Completion of 234th Street townhomes project expected in mid-July

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The 234th Street townhomes project.
The 234th Street townhomes project.

A new development of seven residential townhomes and one commercial space at 5501-234th St. S.W. in Mountlake Terrace is expected to be completed in mid-July.

The six multi-story, 2,200-square-foot townhomes in the development sold within two or three weeks, said co-developer and real estate agent Paul McLaughlin. Ground floor commercial space of 750 square feet at the project’s west end will be taken over by a hair salon; a residential flat above the commercial space is still on the market and listed at $289,900.

The development was originally planned for construction in 2007, but a slowdown in the economy and difficulty in securing financing caused McLaughlin and business partner David Blau to wait until this year to move on the project. “We were ready to sign when our bank, which is no longer in business, called up and said, ‘we are out of money,’” McLaughlin said.

McLaughlin not only credited an improving economy for a revitalization of the project, but a change in attitude at Mountlake Terrace City Hall. He said the city “for years was not development friendly,” but with the recent Town Center revitalization plan in place developers are now attracted to the city.

The 234th Street townhomes development falls within the city’s Town Center district.

McLaughlin has plans for a similar townhomes project just a few lots south of the 234th Street townhomes on 55th Avenue West. A planned six-unit development may expand to 12 units if a neighboring parcel is obtained; a separate project consisting of six townhomes is planned for the current empty lot in the 23400 block of 55th Avenue West.

“People are realizing Mountlake Terrace has a lot to offer,” McLaughlin said. “It has great freeway access and there are tons and tons of parks in the city. People that had been looking into Seattle at one point are now looking north.” Comparable homes with two-car garages in Mountlake Terrace are often $100,000 less than what is available in Seattle, McLaughin explained.

— Story and photo by Doug Petrowski

1 COMMENT

  1. I have to disagree with the comment in the article that the City is not development-friendly. I might have been one of the first people to develop and build a small project after the re-zoning on 56th between 240th and 244th. It wasn’t easy but that was partly because of some of my own choices. I do recall that when I was planning a mixed-use facility – two apartments above commercial office space – the City was particularly supportive. I think at the time one of the planners told me that 28% of the residences in MLT were single-occupant residences and that there was/(is?) a need for apartments/condos to support small households. I believe the planners were supportive and helpful to the extent that City code permits them to be – I’m appreciative of the help they gave me during that phase of my project.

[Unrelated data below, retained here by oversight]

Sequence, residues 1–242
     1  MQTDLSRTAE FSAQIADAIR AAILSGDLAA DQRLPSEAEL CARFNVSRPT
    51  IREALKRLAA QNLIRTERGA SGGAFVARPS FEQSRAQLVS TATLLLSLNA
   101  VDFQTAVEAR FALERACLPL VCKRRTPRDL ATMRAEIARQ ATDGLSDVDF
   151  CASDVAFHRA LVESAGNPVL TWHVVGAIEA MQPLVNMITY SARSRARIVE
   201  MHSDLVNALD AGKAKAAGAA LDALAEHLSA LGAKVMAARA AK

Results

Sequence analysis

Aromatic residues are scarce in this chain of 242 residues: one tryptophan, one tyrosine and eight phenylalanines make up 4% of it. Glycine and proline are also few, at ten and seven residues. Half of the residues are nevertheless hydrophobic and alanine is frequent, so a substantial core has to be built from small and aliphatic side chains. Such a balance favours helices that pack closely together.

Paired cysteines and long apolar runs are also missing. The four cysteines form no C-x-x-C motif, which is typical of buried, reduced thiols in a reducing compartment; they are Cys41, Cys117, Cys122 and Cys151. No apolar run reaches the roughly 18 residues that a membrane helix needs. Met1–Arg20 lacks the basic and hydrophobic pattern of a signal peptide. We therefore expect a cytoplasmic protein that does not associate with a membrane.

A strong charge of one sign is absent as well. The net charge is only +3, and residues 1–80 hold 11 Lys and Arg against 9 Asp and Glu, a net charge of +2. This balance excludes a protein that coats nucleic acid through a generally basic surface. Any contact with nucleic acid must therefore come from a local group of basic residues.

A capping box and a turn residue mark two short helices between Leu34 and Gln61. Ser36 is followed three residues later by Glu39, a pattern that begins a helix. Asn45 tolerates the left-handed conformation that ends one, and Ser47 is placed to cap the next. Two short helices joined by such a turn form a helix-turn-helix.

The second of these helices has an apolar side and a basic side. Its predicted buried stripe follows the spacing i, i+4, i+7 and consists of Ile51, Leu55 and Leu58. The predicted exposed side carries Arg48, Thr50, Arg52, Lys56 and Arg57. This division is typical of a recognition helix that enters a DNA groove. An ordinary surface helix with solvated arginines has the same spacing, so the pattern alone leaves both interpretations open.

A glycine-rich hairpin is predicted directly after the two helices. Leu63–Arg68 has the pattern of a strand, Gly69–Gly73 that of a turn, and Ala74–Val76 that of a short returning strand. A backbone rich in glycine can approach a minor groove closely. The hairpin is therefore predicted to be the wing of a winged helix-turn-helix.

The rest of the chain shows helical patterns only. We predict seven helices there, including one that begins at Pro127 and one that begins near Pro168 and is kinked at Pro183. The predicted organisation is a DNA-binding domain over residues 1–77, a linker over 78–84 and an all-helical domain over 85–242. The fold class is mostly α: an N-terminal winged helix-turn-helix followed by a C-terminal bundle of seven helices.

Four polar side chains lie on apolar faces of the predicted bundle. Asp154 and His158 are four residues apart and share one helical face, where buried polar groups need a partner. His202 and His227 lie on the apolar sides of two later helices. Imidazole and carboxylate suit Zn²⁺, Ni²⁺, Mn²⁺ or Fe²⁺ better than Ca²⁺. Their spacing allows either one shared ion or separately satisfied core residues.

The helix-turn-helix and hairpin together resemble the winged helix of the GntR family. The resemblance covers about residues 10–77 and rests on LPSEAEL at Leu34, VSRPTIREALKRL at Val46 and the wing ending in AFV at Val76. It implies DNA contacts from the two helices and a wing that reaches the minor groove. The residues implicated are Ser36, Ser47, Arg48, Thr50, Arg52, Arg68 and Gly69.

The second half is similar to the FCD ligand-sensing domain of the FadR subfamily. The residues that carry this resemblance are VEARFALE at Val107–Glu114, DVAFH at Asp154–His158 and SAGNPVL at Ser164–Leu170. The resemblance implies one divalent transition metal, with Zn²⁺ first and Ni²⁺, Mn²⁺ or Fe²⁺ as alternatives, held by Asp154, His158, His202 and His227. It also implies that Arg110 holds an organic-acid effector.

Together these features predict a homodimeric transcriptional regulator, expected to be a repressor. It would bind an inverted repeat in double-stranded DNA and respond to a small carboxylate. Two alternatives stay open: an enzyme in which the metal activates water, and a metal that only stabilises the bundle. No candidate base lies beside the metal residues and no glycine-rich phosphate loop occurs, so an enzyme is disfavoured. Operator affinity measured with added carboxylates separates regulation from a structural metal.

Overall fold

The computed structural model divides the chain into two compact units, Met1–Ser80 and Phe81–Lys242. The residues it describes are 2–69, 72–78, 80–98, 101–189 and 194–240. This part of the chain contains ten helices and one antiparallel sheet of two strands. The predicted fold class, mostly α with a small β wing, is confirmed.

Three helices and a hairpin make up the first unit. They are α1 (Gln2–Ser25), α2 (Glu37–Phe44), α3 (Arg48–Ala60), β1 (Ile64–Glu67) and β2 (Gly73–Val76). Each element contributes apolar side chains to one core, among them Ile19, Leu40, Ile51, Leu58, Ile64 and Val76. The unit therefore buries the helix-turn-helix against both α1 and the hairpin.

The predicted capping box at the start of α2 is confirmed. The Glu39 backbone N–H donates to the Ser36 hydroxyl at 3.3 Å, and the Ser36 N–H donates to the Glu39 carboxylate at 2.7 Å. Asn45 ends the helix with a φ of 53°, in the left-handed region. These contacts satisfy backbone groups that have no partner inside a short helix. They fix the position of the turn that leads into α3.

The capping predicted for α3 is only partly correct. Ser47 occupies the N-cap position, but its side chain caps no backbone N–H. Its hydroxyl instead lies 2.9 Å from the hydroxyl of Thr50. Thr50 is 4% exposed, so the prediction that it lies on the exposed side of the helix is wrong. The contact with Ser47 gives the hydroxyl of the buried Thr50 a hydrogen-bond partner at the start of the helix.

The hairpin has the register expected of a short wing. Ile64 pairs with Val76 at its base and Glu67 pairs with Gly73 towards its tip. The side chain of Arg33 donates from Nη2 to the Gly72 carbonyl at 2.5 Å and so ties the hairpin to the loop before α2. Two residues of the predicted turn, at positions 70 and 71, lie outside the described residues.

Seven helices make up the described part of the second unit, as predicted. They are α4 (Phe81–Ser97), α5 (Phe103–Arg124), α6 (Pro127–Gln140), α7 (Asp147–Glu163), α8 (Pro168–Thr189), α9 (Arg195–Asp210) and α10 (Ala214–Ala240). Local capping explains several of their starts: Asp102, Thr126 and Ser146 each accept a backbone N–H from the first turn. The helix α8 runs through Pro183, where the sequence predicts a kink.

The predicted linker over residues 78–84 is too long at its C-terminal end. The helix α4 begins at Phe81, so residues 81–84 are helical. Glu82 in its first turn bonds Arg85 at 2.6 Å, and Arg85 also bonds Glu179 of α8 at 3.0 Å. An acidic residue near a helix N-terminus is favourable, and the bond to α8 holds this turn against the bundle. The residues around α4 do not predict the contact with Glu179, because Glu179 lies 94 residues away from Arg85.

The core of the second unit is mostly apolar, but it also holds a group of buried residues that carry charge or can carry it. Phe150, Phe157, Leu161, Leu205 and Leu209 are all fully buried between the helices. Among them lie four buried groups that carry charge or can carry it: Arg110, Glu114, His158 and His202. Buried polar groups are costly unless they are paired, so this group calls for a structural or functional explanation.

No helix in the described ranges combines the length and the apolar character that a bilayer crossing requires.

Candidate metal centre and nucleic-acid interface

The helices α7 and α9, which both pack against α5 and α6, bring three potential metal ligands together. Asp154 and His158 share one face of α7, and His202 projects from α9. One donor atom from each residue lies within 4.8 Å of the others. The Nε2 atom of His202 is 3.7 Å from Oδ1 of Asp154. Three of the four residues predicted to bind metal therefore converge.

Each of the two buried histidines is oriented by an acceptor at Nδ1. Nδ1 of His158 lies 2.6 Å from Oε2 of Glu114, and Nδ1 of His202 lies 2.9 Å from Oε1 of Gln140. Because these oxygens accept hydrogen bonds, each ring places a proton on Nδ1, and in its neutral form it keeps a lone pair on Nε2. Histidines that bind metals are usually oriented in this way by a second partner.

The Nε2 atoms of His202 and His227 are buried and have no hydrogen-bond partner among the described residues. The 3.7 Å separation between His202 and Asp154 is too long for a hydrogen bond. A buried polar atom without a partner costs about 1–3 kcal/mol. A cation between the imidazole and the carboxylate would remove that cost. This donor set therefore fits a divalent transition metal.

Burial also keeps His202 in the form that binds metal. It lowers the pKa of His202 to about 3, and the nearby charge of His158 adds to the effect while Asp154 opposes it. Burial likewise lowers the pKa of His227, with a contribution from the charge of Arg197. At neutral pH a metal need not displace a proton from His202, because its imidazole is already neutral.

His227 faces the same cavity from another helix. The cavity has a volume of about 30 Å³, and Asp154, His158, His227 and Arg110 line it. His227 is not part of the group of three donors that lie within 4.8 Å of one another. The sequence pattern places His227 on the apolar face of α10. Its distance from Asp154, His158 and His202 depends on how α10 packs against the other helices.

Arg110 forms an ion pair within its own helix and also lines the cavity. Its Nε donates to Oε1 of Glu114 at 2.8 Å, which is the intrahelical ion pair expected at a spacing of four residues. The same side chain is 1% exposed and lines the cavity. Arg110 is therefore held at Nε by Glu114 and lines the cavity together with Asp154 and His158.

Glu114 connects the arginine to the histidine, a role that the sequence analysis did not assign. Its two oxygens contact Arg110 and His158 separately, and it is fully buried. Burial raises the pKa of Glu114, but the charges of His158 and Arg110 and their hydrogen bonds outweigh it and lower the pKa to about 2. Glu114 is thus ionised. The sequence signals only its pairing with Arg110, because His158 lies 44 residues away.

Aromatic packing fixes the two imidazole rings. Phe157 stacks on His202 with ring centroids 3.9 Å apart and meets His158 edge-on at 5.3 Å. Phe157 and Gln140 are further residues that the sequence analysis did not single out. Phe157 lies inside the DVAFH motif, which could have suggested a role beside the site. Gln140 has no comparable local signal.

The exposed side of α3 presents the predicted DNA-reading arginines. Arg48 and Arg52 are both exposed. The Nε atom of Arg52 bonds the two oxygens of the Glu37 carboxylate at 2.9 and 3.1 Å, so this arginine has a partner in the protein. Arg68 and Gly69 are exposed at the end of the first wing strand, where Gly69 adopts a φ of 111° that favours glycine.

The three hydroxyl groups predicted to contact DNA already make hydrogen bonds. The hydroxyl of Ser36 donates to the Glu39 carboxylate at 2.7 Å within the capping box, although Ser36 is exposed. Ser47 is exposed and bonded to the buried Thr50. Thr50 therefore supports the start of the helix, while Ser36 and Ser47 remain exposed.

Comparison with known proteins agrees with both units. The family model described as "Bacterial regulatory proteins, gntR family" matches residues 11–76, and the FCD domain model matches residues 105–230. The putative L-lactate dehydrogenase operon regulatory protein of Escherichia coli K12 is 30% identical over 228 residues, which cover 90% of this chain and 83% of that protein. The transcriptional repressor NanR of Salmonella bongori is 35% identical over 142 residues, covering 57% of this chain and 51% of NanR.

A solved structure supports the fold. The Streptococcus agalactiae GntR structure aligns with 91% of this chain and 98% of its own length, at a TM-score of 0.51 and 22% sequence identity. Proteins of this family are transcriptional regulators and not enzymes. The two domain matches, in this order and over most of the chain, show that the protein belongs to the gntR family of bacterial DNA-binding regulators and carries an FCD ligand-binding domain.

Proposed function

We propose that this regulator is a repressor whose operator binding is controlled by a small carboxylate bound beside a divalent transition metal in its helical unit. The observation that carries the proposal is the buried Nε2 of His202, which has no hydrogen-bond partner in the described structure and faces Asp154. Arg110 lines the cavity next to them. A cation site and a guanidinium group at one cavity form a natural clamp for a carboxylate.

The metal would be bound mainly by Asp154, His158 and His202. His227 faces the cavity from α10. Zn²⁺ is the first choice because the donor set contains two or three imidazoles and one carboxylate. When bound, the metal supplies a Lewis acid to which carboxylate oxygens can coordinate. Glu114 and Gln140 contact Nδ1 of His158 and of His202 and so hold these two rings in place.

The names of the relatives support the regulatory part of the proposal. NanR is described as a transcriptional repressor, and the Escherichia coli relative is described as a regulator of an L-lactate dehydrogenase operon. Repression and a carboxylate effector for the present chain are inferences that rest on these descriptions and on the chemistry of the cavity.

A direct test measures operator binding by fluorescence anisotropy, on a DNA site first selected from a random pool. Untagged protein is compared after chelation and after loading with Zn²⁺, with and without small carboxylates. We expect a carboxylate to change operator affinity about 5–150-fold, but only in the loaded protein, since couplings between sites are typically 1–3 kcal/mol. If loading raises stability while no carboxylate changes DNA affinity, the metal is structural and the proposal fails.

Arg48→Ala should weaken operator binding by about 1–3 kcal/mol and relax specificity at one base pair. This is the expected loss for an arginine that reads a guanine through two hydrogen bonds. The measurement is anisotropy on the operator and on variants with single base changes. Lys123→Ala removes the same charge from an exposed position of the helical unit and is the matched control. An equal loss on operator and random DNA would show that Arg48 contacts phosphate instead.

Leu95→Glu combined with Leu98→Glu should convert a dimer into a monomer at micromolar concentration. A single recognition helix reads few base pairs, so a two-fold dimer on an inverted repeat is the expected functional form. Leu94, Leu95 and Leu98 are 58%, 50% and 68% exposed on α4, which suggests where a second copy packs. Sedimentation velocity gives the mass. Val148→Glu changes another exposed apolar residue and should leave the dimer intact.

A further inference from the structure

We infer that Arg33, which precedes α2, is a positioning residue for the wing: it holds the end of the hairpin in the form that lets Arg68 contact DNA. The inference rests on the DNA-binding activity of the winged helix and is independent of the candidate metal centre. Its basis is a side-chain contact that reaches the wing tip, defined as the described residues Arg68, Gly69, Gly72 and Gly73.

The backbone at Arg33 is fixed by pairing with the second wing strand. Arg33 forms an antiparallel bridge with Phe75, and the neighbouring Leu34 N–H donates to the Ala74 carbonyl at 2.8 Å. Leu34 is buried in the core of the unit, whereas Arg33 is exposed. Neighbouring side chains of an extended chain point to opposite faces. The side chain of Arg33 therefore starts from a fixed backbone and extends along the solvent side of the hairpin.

Now, having said that, I do feel I need to point out that someone building on a small, former SFR lot will experience some problems, mostly financial. There is so much stuff in the requirements that it’s financially burdensome to meet them all for a small project – far less expensive on a per-square-foot basis if the costs are spread out over a larger project. My current feeling, after having knocked down one of the single-lot CMU houses and rebuilt from scratch, is that it is most cost-effective to buy a CMU house in good shape, gut it, add on to it, and to put on new roof and completely new exterior facing, as well as pay for all of the sidewalk updating, parking, and utility streetwork that the City will require, rather than to demolish it and begin with an empty lot. One can turn a 1,000 sq ft current SFR unit into about 2,000 or even 2,500 sq ft commercial space with a significantly lower $/sq ft cost. The City may not like that so much but if it wants people to develop small single lots without combining them into large lot projects (I view the Arbor Village development at the 236/56 corner as an anomaly because that many lots are unlikely to be combined again any time soon), a remodel rather than rebuild is the most likely way those will happen.

    So, yeah, it’s not all that easy to build on a small lot in MLT. But that doesn’t mean the City planners aren’t doing their best to help people out in the development process.

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